21. Simulating Future Climate G. J. Boer 1 Introduction. . . . . . . . . . . . . . . . 489 2 International Aspects . . . . . . . . . . . 490 3 Simulating Historical and Future Climate 492 4 Climate Change in the 20th Century . . . 495 5 Simulating Future Climate Change 498 6 Climate Impact, Adaptation, and Mitigation 501 7 Summary . 502 Index 505 PREFACE Numerical modeling ofthe global atmosphere has entered a new era. Whereas atmospheric modeling was once the domain ofa few research units at universities or government laboratories, it can now be performed almost anywhere thanks to the affordability of computing power. Atmospheric general circulation models (GCMs) are being used by a rapidly growing scientific community in a wide range of applications. With widespread interest in anthropogenic climate change, GCMs have a role also in informing policy discussions. Many of the scientists using GCMs have backgrounds in fields other than atmospheric sciences and may be unaware of how GCMs are constructed. Recognizing this explosion in the application of GCMs, we organized a two week course in order to give young scientists who are relatively new to the field of atmospheric modeling a thorough grounding in the basic principles on which GCMs are constructed, an insight into their strengths and weaknesses, and guid ance on how meaningful numerical experiments are formulated and analyzed. Sponsored by the North Atlantic Treaty Organization (NATO) and other institu tions, this Advanced Study Institute (ASI) took place May 25-June 5, 1998, at II Ciocco, a remote hotel on a Tuscan hillside in Italy.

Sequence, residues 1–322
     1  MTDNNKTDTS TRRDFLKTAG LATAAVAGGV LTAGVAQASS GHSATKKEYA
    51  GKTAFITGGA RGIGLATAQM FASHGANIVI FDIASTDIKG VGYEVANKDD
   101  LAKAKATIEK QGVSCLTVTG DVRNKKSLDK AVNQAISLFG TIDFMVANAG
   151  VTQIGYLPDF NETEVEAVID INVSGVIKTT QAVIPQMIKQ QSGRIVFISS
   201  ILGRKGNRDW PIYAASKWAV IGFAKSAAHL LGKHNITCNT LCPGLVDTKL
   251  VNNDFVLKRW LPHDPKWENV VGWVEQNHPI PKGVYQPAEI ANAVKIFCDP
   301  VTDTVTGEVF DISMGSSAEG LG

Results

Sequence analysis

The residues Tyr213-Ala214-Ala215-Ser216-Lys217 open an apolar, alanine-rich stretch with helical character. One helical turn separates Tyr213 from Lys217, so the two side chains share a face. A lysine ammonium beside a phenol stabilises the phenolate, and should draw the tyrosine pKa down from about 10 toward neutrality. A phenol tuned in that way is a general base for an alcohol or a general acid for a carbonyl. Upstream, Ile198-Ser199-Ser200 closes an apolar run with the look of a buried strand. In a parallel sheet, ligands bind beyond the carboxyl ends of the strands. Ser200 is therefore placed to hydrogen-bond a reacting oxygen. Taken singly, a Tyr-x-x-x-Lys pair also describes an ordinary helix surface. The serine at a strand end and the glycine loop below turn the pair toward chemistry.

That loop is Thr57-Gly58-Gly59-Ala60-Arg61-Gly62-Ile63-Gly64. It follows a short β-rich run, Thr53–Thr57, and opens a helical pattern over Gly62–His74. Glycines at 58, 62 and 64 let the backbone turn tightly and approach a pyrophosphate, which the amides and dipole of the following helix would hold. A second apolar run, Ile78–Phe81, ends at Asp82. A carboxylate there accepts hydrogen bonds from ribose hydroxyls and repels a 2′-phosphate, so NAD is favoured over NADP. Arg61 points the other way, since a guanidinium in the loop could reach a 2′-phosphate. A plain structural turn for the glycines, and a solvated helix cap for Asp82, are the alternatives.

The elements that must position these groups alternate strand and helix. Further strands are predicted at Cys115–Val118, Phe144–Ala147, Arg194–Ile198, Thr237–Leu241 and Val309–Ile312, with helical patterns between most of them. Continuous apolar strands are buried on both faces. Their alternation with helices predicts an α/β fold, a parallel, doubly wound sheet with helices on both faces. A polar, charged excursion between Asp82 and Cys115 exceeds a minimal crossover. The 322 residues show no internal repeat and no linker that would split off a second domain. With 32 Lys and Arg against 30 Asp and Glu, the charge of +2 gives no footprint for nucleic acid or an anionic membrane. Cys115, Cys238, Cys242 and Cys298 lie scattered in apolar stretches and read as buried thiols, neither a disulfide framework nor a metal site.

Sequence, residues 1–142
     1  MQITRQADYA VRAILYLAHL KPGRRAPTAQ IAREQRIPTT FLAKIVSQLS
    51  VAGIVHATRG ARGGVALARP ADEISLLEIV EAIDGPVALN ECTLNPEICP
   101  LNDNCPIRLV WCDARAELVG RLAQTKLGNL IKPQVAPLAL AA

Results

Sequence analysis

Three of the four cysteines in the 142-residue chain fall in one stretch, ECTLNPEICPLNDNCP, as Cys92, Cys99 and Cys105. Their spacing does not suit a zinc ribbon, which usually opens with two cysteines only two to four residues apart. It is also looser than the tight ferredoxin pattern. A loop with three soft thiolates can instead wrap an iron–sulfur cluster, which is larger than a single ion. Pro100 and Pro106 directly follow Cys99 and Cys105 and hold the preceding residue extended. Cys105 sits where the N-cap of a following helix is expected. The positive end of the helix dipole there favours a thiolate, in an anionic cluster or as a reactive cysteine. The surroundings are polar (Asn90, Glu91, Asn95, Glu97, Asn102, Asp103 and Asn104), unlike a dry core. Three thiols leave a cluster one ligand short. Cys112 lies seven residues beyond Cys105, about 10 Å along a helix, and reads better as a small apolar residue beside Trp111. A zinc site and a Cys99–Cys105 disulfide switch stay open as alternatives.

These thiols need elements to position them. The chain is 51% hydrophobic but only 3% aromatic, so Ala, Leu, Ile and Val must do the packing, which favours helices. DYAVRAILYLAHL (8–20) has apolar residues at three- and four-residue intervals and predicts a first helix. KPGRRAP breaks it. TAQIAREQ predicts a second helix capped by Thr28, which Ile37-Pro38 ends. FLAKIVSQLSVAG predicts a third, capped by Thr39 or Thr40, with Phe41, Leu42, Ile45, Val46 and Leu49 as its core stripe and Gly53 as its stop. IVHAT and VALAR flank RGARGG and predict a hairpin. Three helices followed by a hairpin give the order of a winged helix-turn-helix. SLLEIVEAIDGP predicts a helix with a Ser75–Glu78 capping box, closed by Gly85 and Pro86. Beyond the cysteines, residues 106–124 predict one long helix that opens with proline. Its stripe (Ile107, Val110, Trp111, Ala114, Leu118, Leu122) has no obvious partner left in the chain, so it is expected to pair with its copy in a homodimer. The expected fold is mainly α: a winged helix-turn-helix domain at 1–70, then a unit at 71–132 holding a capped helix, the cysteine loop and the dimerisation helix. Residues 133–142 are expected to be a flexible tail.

A major environmental concern is the increasing burden on all scales of photo-oxidants, acidifying substances and potential nutrients in the troposphere. These lead to episodes of summer smog, and appreciable damage to eco-systems both on land and at sea. Underlying the environmental effects is the complex scientific problem of linking the man-made and biological emissions to the myriad chemical reactions that transform the pollutants as they are transported to and deposited in the surroundings and also pristine areas remote from the sources. The project, the scientific results of which are described in this book, was set up to study the problem in an inter-disciplinary way by co-ordinating the work of more than 150 research groups in some 20 countries.